“Behind the scenes, wild animals are being taken from their mothers as babies and secretly kept in filthy, cramped conditions or repeatedly baited with food causing severe psychological trauma,” adds CEO of World Animal Protection, Steve McIvor. “The wildlife selfie craze is a worldwide phenomenon fueled by tourists, many of whom are unaware of the abhorrent conditions and terrible treatment wild animals endure to provide that special souvenir photo.”
While animal cruelty in tourism exists around the world—from elephant riding in Thailand to swimming with dolphins in Mexico—the World Animal Protection focused their investigation on the gateway cities of Manaus, Brazil and Puerto Alegria in Peru. Ironically, of the 20 percent of animals involved in Latin America’s unethical animal tourism, 60 percent are in fact protected by international law, reports WAP Global Wildlife Advisor, Dr. Neil D’Cruz.
To tackle the growing issue, WAP is calling on relevant governments to better enforce animal protection laws and monitor tour operators offering animal encounters. The World Animal Protection is also in discussions with Instagram officials to explore ways to stem the flow of bad animal selfies and educate users on how to inadvertently avoid supporting animal cruelty on their travels.
When questioned about the growing number of animal selfies and associated abuse on their platform, an Instagram spokesperson replied: “We prohibit the use of Instagram to facilitate or organize criminal activity that causes physical harm to animals. We remove reported content that promotes poaching of endangered species or the sale of animals for organized fight, and that includes animal abuse.”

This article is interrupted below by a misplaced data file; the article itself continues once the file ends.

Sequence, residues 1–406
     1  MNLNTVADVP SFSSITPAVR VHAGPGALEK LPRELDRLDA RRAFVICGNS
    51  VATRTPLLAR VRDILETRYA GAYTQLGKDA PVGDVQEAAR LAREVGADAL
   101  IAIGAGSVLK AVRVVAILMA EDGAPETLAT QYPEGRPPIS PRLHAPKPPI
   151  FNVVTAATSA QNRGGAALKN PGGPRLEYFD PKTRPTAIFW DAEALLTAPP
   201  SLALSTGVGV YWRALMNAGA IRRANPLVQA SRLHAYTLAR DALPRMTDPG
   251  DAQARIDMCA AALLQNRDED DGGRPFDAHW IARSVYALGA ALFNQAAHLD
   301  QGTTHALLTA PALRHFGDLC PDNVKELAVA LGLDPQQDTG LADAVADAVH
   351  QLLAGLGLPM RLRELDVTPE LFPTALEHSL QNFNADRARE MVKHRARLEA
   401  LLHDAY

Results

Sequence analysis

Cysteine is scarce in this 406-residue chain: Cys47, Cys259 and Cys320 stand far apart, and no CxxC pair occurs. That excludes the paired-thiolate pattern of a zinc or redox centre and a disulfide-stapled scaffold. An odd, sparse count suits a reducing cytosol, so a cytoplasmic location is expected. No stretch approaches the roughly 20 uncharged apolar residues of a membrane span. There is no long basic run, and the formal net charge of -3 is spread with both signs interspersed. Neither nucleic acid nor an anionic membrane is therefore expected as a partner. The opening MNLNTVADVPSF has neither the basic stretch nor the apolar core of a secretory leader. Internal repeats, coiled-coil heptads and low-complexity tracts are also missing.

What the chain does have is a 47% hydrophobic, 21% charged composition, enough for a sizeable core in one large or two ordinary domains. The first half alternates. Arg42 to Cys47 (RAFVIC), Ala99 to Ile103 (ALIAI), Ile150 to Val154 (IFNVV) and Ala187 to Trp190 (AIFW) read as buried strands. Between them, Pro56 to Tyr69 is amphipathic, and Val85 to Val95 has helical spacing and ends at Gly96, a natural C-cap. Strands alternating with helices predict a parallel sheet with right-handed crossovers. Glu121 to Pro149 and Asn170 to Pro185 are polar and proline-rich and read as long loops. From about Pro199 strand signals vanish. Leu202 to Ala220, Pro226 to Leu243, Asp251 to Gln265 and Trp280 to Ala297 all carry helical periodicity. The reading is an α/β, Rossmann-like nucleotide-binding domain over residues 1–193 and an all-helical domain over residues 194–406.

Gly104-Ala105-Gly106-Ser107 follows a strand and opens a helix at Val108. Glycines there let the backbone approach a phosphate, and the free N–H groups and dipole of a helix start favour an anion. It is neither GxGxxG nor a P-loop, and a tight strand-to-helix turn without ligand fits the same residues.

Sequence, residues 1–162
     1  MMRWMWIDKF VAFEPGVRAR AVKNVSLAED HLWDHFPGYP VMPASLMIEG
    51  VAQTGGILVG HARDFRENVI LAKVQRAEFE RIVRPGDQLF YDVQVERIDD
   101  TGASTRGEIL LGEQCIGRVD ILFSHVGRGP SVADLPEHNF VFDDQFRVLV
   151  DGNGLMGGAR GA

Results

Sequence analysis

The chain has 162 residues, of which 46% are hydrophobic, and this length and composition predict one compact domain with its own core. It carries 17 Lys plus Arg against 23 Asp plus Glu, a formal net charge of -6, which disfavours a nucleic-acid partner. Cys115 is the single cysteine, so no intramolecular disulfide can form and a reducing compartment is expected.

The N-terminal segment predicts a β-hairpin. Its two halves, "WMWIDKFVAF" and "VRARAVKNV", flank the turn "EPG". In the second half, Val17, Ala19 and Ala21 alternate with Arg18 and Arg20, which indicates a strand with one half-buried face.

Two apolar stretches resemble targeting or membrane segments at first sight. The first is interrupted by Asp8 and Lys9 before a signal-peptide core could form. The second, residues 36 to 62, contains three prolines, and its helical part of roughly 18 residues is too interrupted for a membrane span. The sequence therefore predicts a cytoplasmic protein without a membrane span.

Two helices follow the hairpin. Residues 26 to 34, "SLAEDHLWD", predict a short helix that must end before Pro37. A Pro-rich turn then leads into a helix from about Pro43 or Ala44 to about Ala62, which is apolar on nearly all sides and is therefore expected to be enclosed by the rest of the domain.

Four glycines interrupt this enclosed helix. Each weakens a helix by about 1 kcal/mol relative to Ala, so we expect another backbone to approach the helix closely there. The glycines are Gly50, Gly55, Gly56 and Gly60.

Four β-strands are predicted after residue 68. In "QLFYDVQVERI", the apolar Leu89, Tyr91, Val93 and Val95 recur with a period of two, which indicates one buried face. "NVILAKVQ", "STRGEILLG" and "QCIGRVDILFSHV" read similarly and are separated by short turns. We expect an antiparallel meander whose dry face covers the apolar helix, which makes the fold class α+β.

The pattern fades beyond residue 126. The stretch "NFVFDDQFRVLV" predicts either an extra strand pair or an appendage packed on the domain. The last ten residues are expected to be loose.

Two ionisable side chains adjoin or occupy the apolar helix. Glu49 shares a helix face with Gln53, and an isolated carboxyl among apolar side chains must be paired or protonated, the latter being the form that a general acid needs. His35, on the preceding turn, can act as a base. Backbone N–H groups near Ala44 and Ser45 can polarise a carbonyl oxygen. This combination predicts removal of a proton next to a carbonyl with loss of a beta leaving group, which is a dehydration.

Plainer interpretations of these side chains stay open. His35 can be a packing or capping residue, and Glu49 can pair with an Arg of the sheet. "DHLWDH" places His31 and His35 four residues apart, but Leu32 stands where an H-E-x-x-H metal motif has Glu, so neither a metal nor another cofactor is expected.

Instagram’s spokesperson confirmed the platform is having ongoing conversations with wildlife experts in hopes of providing the online community with information about animal cruelty; although, Instagram was unable to comment any further on exactly how this will be achieved.
The thing is, animals play a massive role in the Instagram community, often garnering millions of followers. “Animals at the very highest echelons of fame have NFL-size entourages,” reports Quartz Media. “Even pets with relatively middling-sized followings have access to opportunities human fame-seekers would envy: product lines, endorsements, guest appearances, and endless freebies. ”
While many of these famous animals are domesticated pooches, wild animals share the spotlight as well, sending a clear message that on Instagram, animal photos do well. While a stand alone animal selfie can garner thousands of likes, comments and fleeting online fame; owning a wild animal—such as Pumpkin the Raccoon or Juniper Fox—can prove a lucrative business with endorsements and money to be made. How Instagram plans to weave in animal cruelty awareness into a model that thrives on animal photos, remains to be seen.
Ultimately, it falls on a traveler’s shoulders to be diligent about the animal activities they choose, and to be sure they are not supporting (and promoting) animal abuse through their social media. Despite promises from local tour operators that their animals are “happy” and “love being held,” a clear indication of an unethical tour is direct interaction with any wild animal in a contained space.
World Animal Protection continues to give wild animals a voice, fighting for the end of cruel tourism, opening a rehabilitation center for sloths in Colombia and helping local communities learn ways they can tap into tourism dollars without harming wild animals in the process.